Generic name: Ticlopidine
Brand name: Ticlid
Uses for Ticlid:
Ticlid is a medicine that inhibits the ability of platelets to clump and form blood clots in a manner similar to clopidogrel (Plavix). Ticlid is recommended to prevent blood clots from forming. That is why it reduces the risk of a heart attack or stroke.
Your physician may prescribe this remedy for other purposes. Contact your physician if you want to learn more details about this drug.
Don’t stop treatment with Ticlid earlier than it was prescribed by your doctor even if you notice improvements of your condition. Stopping the medication too early may worsen your condition. Be careful about doing dangerous tasks, driving, operating machinery or climbing until you are aware how this drug affects you. Don’t drink alcohol. Always contact a medic before giving Ticlid to a child.
What symptoms or conditions should I report to a doctor before I take this medicine?
It is important to report to a doctor if you have or had the following conditions:
- allergy to Ticlid, other foods, preservatives, dyes or medicines
- blood clotting disorder, such as hemophilia or a bleeding
- severe liver disease
- triglycerides or high cholesterol
- any active bleeding such as a bleeding in the brain (such as from a head injury) or stomach ulcer
- a history of stroke, including TIA (“mini-stroke”)
- ulcerative colitis
- kidney disease
- a blood cell disorder such as low levels of platelets (cells that help your blood clot), anemia (lack of red blood cells)
How to take this drug:
Note: This remedy was prescribed to you only. Don’t share this medicament with others. Follow strictly your doctor’s recommendations. Don’t take more or longer than your doctor recommended.
Ticlid is taken orally with a glass of water and with food. Take the doses at fixed intervals.
Taking any medicine in large doses you can have serious consequences for your health. If you feel an overdose, contact your health care professional instantly.
In large doses, this remedy may cause the following conditions: cold feeling, seizure (convulsions), trouble breathing, unusual bleeding, or loss of balance or coordination.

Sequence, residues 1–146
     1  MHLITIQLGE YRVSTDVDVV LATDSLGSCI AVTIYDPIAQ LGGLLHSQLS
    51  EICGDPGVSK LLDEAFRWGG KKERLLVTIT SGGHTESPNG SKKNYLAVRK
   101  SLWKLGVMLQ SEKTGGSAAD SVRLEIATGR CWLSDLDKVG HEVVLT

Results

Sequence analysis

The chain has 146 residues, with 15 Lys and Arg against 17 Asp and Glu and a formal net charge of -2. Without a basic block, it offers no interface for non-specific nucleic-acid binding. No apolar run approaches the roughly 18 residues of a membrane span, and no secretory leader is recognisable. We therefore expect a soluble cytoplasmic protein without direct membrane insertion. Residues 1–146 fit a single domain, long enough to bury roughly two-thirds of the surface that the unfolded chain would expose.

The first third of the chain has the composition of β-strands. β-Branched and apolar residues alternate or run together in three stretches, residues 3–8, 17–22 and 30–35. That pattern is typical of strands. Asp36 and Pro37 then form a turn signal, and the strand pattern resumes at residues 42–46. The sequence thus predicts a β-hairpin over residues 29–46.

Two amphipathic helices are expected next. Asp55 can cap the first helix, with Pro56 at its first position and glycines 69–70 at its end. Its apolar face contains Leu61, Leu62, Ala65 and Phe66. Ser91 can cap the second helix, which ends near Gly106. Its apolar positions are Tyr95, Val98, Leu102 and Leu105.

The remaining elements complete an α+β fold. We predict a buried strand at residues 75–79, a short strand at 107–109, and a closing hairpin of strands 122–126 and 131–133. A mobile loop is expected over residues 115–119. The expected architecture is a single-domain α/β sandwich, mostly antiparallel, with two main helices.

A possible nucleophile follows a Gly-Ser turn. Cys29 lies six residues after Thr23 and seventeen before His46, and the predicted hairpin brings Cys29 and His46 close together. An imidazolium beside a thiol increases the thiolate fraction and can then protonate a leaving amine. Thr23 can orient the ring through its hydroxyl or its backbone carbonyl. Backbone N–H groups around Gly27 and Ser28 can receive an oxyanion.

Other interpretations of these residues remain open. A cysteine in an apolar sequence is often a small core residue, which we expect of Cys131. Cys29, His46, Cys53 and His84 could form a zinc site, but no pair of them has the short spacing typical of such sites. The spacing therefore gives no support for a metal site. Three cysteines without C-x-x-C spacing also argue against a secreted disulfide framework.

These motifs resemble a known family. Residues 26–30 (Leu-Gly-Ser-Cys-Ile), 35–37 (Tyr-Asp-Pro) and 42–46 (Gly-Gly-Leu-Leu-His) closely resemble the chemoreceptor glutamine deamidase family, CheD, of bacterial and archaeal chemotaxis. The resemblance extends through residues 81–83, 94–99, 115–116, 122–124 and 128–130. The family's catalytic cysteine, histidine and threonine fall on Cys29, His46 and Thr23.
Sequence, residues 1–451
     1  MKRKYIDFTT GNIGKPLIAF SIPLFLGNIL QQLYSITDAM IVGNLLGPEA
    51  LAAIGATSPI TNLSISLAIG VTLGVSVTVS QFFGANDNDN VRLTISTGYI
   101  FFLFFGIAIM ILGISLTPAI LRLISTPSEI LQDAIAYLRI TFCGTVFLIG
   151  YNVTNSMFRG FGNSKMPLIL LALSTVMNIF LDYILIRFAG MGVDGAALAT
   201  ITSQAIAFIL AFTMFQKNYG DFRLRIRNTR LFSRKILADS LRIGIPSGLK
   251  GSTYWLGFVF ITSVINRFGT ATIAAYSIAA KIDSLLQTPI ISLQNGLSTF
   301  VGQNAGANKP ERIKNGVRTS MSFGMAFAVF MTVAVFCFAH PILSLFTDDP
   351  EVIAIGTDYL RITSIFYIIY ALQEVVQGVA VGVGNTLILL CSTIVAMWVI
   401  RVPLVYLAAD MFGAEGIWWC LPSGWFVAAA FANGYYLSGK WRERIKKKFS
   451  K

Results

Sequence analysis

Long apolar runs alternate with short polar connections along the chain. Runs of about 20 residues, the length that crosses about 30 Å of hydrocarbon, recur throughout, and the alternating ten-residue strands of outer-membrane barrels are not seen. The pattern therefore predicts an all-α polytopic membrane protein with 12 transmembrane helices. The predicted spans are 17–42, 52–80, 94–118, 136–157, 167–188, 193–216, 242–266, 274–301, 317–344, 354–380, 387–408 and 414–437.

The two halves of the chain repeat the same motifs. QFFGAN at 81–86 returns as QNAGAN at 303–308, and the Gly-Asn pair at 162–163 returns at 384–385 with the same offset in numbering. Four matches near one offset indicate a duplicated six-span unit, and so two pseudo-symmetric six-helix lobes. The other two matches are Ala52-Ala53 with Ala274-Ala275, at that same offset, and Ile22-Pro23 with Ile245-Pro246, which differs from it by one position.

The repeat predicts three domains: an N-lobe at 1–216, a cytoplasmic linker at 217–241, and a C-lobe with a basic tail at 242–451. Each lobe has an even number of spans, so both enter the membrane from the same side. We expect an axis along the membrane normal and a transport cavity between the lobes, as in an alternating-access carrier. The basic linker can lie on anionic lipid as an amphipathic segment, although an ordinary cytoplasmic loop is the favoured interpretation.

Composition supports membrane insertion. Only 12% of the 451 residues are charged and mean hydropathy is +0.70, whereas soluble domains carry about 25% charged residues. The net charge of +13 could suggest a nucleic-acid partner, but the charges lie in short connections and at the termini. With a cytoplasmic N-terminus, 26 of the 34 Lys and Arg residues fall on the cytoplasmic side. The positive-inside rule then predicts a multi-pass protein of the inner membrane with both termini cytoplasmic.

What should be done if I missed the dose?
In case you forgot to take the dose, take it at your earliest opportunity. Never double your dose if it is almost time for your next dose. Take only one dose at once.
Interactions may occur with:
- etodolac (Lodine)
- naproxen (Naprosyn, Aleve)
- meloxicam (Mobic)
- aspirin or other NSAIDs (non-steroidal anti-inflammatory drugs) without your doctor’s advice
- indomethacin (Indocin)
- ibuprofen (Motrin, Advil)
- clopidogrel (Plavix)
- diclofenac (Voltaren)
- ketorolac (Toradol)
- diflunisal (Dolobid)
- phenytoin (Dilantin)
- nabumetone (Relafen)
- flurbiprofen (Ansaid)
- warfarin (Coumadin)
- ketoprofen (Orudis)
- piroxicam (Feldene)
- mefenamic acid (Ponstel)
- dalteparin (Fragmin), heparin, or enoxaparin (Lovenox)
- antacids or cimetidine (Tagamet, Tagamet HB)
- digoxin (Lanoxicaps, Lanoxin)
- theophylline (Elixophyllin, Theo-24, Uniphyl)
- dipyridamole (Persantine)
This list of interactions may be not complete. Provide your medical practitioners entire list of medicines, herbs, dietary supplements or non-prescription drugs you take. Moreover tell them whether you drink alcohol, use illegal drugs or smoke. Particular items may interact with your drug.
Which side effects can I perceive from this remedy?
Contact your physician immediately if you notice any of the following serious side effects:
- allergy like skin rash, swelling of the face, lips, tongue, hives, itching, difficulty breathing
- weakness, sudden numbness especially on one side of the body
- signs of infection such as chills, fever, flu symptoms, sore throat, mouth sores
- vomit which looks like coffee grounds
- bloody, black, or tarry stools
- any type of bleeding that will not stop
- coughing up blood
- pale skin
- problems with speech, vision, or balance
- pain spreading to the shoulder or arm, chest pain or heavy feeling
- sweating, nausea
- stomach pain, loss of appetite
- low fever
- general ill feeling
- confusion, sudden headache
- easy bleeding or bruising
- dark urine, urinating more or less than usual
- clay-colored stools
- jaundice (yellowing of the eyes, skin)
Side effects which usually don’t need medical control (tell your medic if they maintain or are troubling):
- loss of appetite, vomiting
- diarrhea, nausea, stomach upset, vomiting
- stomach pain
- ringing in your ears
This list of side effects may be not complete, others may occur. Inform your medical practitioners about all side effects you experience.
Visit your physician regularly. Ticlid’s side effects usually may be observed during the first 90 days of treatment. You doctor may advise you to make blood tests before you start this medicine and then each 14 days during the first 90 days. Because Ticlid keeps your blood from coagulating (clotting) to prevent unwanted blood clots, this remedy may also make it easier for you to bleed, even from a minor injury. Consult your physician in case you have bleeding that will not stop. Inform your sergeon that you are taking Ticlid in case you need to have any type of surgery. Avoid any kind of activities which may result in a bleeding injury or bruising. Be very careful and avoid cuts when brushing your teeth or shaving.
Ticlid should be stored at room temperature, between 15 and 30 degrees C (59 and 86 degrees F), in a tightly closed container. Protect from moisture, direct heat, and light. Don’t store in the bathroom or near a sink. Keep Ticlid out of the reach of children and away from animals.
Warning: Before taking the drug you need to consult your doctor. The information contained in this article is not intended to cover all possible precautions, drug interactions, adverse effects, directions, uses, allergic reactions or warnings.